Today, we are taking a bit different turn in our BOOKISH BEASTS feature. Please welcome Dinara Tengri who explores technology as a beast.
Technology is not a traditional monster in literature in movies, but it's one of the most popular. Unlike werewolves and vampires, robots and AI are not living things. They're nothing but wires and circuits. And maybe that's what makes them so frightening. They've been created by us, and yet we cannot fully understand them.
If you look at the lore, most of the books and movies share the same basic ideas. Either the technology is just evil, and wants to destroy/enslave humanity. Or, we have become too dependent on it and run the risk of becoming helpless and obsolete.
The first scenario is perfectly realised in movies like Terminator and Matrix. Both these movies tell the story of our creation becoming smarter than us and turning against us.
The other scenario is illustrated in Isaac Asimov's Robot novels. The robots in Asimov's books are governed by the Three Laws of Robotics and they can't willingly hurt humans. All they want is to serve and to help us. But the humanity runs the risk of turning into helpless babies with robot nursemaids waiting on our every need.
Are there any other reasons we find technology so frightening in science fiction, other than the obvious fear of becoming a slave or a spoiled baby? Take the short story, The Veldt, by Ray Bradbury, for example. Bradbury didn't bad-mouth technology itself, but he often asked the question: what will happen if technology will become such a huge part of our lives that it will be more important to us than our friends and family?
The Veldt is about a family that lives in a "smart" house in a not too distant future, and this house does everything for them, like cooking their dinner and tying their shoelaces. But the crowning achievement of this house is the children's Nursery. It's a room that can transform itself according to your wishes and imagination. If you want to play in Alice's Wonderland, the room will read your telepathic signals and create Wonderland, replicating every sight, sound and smell that you're thinking about. If you want to spend a day in the African Veldt, it will give you the Veldt, complete with the hot blazing sun, and the bloodthirsty lions.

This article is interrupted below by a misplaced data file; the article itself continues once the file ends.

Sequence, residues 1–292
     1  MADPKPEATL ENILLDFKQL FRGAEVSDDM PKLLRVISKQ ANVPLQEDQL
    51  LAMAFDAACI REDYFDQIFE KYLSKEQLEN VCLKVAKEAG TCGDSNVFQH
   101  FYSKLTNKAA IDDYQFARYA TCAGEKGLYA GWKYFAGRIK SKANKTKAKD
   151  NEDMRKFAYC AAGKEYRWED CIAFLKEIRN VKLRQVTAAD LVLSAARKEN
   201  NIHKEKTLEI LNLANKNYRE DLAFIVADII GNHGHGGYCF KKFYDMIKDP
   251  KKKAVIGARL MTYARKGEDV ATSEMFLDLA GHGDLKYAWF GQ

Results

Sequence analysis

At first, the parents are happy to give their children this Nursery, because the children are a little psychotic and the parents think it will help them to get more Zen. Pretty soon, though, they get a feeling that something's wrong, because the children only want to play in the Veldt. This goes on for weeks, and the parents start to worry that the kids may be stuck in the same pattern. But it's not just that they don't want to change the Nursery from the Veldt to something else, say a green forest. There is something about that Nursery, something about that Veldt that feels wrong. Something that is unsettling and alarming to the parents. The smells are too strong, the "sun" is too hot, and the lions look way too real. They're just 3D projections, but the way they're looking at you from the distance while munching on some carcass, makes you think that they're actually there, in flesh. The parents even arrange for their friendly neighbourhood psychologist to come and take a look at the Nursery. In the meantime, they decide to lock it off, which enrages the children. That same night, the parents hear a scream, somewhere in the house. A scream that sounds a little too familiar.
I won't spoil the rest of the story because it's one of those stories that you must experience for yourself.
The Nursery isn't the real monster in this story. But it is a reflection of the children's innermost desires and dreams. A projection of their imagination. The adults - both the parents and the psychologist feel ill at ease in that room, as if there is something sick in the atmosphere, and it's the reflection of how the children really feel on the inside.
Are the children stuck in a destructive loop? They get more psychotic and isolated in the Nursery because it gives them everything they need, even replacing their parents. And the more psychotic they get, the more real the Veldt becomes. It's like the Nursery feeds on the kids' negativity.
Just like vampires and werewolves, technology is only as scary as we want it to be. And I want it to be really scary. I want it to be a reflection of ourselves. I want the lines between virtual reality and "real" reality blurred. I want the relationship between humans and the machines to be complicated.
Lastly, I really recommend listening to the audio version of The Veldt, narrated by none other than Leonard Nimoy. Check it out on Youtube. I listened to it myself to prepare for this article.